HDMI logo – This changes everything! (Part II)


In part I of this series we introduced the High Definition Multimedia Interface (HDMI). This article delves into the features and functionality of the 2-way communication capabilities of HDMI, and illustrates how this feature will significantly benefit consumers.

The part of the HDMI specification that will have the biggest impact on consumers is the Consumer Electronic Control (CEC) specification. CEC is a technology that will allow components in a system to discover and communicate with one another. With this feature, consumers will be able to purchase a new component or even a complete system, hook it up, and enjoy their home entertainment system, without having to learn about the inner workings of the equipment. You just plug and play!

CEC will simplify hooking components together by using a technique that has been around for some time, known as a handshake. You have been using technology that uses the handshake technique without even knowing it. Computers use the handshake technique all the time to figure out how fast to send / receive information. If you have had the misfortune of answering your voice line when a fax machine calls, that is another (less sophisticated and painful) kind of handshake using DTMF tones. A handshake is just a communication protocol that devices use to inform other devices of its capabilities. When you get your new CEC enabled HD DVD player and connect it to your CEC enabled HDTV using an HDMI cable, the conversation would be something like this:

HD DVD:

Hello, any CEC enable devices out there?

HDTV:

Hello, I am Sony KDS-Z60XBR5 HDTV, my display and audio capabilities are.....

HD DVD:

Cool, I am a Toshiba HD-A35 HD DVD, I will send you a 1080p video signal, and...

HDTV:

Great, I can handle all of your audio and video signals; here is my power-on signal code and all of my remote control codes.

HD DVD:

Thanks, here is my power-on code and my remote control codes...

At the end of the handshake process, the new component will be aware of the capabilities and the signal codes to send up the wire to all CEC enabled devices it will interact with in your system, and vice-versa.

The benefit of all of this 2-way communication to consumers is that device and system operation is greatly simplified. With CEC features like “One Touch Play” --- when you push one button on your remote, the HDTV changes its signal source to the HDMI input that the Blu-ray player is connected to, the player begins playing the movie, and the AV Receiver is switched to the appropriate input and surround sound signal processing. There is little or no need for user configuration; the components can control and configure each other. One touch play can work without the remote too; the act of putting a DVD in the drawer and closing the drawer, will be enough to have a HDTV and AV Receiver go from standby to on, and trigger a chain of events that will allow you to watch the movie --- optimum sound and picture quality happens automatically. Fast forward a year or two down the road when you change a component in your system, (perhaps a new 1440p Ultra HDTV), you just plug and play, and all your existing functionality plus the added functionality of your new component is there. You don’t have to know anything; the intelligence is built into the components.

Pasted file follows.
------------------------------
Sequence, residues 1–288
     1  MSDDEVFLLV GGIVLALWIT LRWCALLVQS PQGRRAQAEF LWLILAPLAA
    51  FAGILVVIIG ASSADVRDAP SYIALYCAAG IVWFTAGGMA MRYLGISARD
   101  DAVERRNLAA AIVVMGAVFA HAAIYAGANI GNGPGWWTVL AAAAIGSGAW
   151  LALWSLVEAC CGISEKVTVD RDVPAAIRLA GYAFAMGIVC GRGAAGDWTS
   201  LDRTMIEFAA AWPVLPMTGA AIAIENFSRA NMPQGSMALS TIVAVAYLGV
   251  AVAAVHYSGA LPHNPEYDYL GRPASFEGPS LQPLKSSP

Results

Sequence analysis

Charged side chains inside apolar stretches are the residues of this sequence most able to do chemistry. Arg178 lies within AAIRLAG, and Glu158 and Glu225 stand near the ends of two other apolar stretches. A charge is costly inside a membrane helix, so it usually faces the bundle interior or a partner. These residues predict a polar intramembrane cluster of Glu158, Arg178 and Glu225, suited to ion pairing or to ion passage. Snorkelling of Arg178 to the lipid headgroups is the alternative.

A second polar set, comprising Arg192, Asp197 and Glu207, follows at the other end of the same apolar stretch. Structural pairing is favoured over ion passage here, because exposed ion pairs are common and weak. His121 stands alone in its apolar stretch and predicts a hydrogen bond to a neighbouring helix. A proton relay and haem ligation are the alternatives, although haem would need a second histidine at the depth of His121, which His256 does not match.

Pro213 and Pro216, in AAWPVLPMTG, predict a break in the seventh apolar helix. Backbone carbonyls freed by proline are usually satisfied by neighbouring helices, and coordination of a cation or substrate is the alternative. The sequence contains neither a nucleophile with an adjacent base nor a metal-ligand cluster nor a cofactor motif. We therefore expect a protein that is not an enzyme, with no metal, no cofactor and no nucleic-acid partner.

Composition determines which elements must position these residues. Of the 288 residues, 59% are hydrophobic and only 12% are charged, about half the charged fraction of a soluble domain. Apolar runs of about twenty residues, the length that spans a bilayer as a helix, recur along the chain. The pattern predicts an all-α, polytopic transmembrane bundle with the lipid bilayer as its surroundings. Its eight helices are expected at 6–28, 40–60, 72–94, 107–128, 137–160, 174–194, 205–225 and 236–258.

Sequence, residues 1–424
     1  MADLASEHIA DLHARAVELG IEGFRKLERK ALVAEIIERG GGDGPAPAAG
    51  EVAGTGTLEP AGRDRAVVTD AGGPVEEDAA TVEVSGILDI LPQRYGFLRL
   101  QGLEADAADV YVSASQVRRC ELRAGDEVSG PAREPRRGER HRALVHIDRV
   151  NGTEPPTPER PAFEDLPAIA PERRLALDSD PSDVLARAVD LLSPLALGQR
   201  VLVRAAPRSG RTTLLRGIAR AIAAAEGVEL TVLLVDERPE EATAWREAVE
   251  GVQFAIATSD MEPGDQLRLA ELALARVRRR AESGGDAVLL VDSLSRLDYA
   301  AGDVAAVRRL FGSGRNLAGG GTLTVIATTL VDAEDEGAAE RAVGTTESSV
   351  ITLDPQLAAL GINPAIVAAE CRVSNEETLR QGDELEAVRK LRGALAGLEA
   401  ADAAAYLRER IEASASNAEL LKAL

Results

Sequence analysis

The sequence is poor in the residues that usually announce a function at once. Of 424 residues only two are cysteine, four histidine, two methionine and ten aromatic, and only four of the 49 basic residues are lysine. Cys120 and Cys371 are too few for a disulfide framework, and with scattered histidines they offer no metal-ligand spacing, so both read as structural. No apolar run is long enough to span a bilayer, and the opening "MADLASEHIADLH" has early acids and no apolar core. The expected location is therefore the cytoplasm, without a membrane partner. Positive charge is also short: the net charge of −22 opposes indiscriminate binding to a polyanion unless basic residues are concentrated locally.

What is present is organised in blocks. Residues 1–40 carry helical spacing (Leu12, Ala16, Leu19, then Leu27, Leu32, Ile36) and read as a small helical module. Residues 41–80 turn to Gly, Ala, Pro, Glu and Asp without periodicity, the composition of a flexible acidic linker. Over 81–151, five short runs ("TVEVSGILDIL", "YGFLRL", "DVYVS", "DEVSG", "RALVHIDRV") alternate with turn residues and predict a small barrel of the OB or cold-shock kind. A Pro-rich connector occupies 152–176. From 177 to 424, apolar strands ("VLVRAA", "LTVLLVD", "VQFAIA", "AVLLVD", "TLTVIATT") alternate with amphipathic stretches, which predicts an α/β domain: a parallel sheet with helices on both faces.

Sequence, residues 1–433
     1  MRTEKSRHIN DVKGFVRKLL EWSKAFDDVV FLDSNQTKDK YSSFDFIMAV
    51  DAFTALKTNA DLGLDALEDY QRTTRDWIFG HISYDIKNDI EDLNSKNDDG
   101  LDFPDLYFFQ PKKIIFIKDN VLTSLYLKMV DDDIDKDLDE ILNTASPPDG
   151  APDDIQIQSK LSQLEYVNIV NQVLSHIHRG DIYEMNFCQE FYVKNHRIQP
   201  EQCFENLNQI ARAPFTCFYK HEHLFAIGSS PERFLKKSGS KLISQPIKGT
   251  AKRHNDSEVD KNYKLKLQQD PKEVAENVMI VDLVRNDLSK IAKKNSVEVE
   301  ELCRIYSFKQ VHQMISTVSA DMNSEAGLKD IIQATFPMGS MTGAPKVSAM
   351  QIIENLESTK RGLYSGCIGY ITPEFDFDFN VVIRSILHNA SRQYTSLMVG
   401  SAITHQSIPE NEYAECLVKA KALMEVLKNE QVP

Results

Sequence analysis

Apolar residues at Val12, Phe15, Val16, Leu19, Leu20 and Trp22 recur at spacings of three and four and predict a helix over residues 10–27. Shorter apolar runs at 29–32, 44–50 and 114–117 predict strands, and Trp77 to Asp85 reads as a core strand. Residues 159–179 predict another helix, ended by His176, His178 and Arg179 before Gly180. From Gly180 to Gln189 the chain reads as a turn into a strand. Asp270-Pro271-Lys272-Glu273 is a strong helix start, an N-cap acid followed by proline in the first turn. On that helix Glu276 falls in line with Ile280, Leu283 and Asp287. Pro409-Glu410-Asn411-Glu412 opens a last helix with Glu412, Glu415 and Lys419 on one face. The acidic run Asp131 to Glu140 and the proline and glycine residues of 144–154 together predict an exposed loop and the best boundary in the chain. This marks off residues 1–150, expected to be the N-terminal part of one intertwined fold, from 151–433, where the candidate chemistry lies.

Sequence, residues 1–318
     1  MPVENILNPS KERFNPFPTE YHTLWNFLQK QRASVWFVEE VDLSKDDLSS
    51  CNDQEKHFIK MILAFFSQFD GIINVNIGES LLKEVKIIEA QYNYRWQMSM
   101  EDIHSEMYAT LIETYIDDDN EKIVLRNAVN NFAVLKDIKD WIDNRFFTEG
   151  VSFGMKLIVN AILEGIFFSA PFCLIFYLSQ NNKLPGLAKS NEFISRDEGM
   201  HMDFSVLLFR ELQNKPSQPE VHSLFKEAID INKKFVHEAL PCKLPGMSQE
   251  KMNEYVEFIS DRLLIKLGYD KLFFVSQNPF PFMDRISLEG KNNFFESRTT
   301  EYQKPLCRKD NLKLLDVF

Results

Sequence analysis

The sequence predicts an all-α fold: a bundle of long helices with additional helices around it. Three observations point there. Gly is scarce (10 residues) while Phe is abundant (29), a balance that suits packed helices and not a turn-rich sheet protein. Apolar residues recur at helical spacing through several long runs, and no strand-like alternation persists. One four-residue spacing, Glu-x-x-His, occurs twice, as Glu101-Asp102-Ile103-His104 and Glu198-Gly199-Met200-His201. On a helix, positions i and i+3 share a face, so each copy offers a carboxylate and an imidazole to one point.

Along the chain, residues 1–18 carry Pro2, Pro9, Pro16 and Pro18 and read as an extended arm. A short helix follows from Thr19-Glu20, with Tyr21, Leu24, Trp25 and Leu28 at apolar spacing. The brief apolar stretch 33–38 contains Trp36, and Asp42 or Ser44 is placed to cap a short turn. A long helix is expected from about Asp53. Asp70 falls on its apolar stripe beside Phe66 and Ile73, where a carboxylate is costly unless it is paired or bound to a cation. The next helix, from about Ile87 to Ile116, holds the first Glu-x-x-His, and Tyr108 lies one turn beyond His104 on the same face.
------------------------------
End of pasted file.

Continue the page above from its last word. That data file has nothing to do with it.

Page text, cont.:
The other features enabled by the CEC specification in version 1.3a are:

  • One Touch Record - Allows you to record whatever it is you are seeing on the HDTV screen to a selected recording device. For those of us old enough to remember trying to record TV programs with a VCR, only to find out later that we had the VCR on the wrong channel, this is a welcome feature.
  • System Standby - Enables you to switch all devices to standby mode with the press of one button.
  • Tuner Control - Allows a component to control the tuner of another component.
  • Timer Programming - Allows you to take advantage of the Event Programming Guides (EPG) that are built into many HDTVs, Satellite and Cable set-top-boxes, to program the timer in recording devices like DVRs.
  • Deck Control - Allows a component to interrogate and control the operation (play, pause, rewind etc), of a playback component (Blu-ray or HD DVD player or a Camcorder, etc).
  • Device Menu Control - Allows a component to control the menu system of another component by passing through the user interface (UI) commands.
  • Remote Control Pass Through - Will significant simplify the operation of complex multi-room systems. This feature allows remote control command to be passed through to other devices within the system.
  • System Audio Control - Allows the volume of an AV Receiver, Integrated Amplifier or Pre-amplifier to be controlled using any remote control from a suitably-equipped device(s) in the system.

All products using HDMI are required to pass mandatory testing to ensure compliance with the standard. The vast improvement in the signal quality, component intelligence and the accompanying simplicity of HDMI connectivity, will allow consumers to purchase products with HDMI version 1.3a connections with complete confidence in the end-to-end performance and interoperability of their systems; right? Well, almost! Many features (most notably the aforementioned CEC features) of version 1.3a are optional. System manufacturers are not required to implement the full feature set of HDMI 1.3a to be compliant. Consumers therefore, must shop for features not for HDMI version compliance when making a buying decision. By fear not, help is on the way in the form of SimplayHD. We will take a look at SimplayHD in the next instalment of this series.